News & Politics

A Night Out: Watching the Grammys with the Recording Academy

For music lovers, there would have been nothing better than to see the Grammy Awards live in Los Angeles—the lights, the cameras, the star power. But what’s an East Coaster with a job, a boss, and a meeting Monday morning to do? Watch the live telecast at

All photos by Chris Leaman.

Want to see more photos from Washington events and parties? Click here for's photo slideshow page. 

That’s what more than 200 Washingtonians did last night, braving the frigid weather to attend a 50th-anniversary Grammy bash hosted by the DC chapter of the Recording Academy. The night started out slow, with a less-than-stellar head count for the 7 PM reception, but as the awards telecast got under way, the place filled up steadily.

A silent auction—which included electric guitars signed by Angie Stone and the members of Def Leopard—drew some interested bidders, but the highlight of the evening seemed to be the free food and drinks and, of course, the dozens of TVs and a large projection screen playing the awards show live. Partygoers sipped Haywood Merlot and golden-pear martinis—Absolut pear vodka, apple juice, and ginger ale—while servers passed around barbecue-chicken skewers, miniature pulled-pork sandwiches, bruschetta, and tiny quiches. One buffet station featured carving stations, steamed broccoli and garlic mashed potatoes; the other—which seemed more popular, judging by the lines—served make-your-own pasta dishes, with a variety of sauces, meats, and veggies to choose from.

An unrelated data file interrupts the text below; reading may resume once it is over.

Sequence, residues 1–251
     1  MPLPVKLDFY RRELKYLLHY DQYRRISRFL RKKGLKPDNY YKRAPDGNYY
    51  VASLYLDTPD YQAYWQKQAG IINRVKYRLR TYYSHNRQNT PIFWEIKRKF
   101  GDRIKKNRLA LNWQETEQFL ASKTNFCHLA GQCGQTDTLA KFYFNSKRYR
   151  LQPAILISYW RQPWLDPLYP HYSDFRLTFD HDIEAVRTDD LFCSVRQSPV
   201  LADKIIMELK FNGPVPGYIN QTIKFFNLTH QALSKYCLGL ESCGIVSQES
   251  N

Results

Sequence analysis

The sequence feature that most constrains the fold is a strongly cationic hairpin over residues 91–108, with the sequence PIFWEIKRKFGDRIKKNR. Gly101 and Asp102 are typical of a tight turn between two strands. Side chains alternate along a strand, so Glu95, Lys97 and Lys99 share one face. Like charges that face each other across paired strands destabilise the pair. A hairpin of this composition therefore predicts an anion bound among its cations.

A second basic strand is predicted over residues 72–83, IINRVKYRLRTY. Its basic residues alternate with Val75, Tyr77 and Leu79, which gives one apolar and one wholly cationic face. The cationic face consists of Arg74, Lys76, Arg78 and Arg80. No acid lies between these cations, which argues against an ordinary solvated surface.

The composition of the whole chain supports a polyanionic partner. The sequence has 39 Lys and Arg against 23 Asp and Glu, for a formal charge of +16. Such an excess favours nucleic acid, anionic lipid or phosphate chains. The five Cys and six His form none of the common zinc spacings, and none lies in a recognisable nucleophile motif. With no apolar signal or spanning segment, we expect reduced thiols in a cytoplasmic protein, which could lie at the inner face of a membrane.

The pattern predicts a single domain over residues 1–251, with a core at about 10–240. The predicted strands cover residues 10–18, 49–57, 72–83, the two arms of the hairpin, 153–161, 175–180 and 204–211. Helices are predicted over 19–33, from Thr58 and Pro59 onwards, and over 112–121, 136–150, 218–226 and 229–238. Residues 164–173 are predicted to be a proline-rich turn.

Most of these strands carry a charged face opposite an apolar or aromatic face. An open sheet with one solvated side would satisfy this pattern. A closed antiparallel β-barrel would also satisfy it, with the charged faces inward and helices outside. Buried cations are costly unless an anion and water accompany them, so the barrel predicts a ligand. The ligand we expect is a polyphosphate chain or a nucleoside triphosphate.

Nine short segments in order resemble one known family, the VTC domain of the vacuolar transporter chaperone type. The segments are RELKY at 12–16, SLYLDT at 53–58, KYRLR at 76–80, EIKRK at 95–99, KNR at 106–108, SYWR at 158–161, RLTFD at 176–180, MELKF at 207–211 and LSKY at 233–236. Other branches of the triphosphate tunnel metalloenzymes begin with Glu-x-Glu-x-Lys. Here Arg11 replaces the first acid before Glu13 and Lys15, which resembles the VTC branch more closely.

During the broadcast, most of the crowd stood in rapt attention while winners were announced. When performers took the stage—particularly Kanye West, Beyoncé, and Tina Turner—many sang and danced along (more heartily on both counts as the drinks took effect). At commercial breaks, a DJ played tunes, which encouraged some to dance, and emcees quizzed the crowd with Grammy trivia and handed out door prizes.

“This is my second year coming,” said Kenny Wesley, a local jazz musician. “I love the vibe. It’s a way for Washington to unwind and enjoy music, away from politics.”

Well, almost: Barack Obama squeezed out the Clinton camp with a win at the awards show to round out his weekend of victories—he beat Bill Clinton in the spoken-word category for his recording of The Audacity of Hope, the senator’s 2006 political manifesto.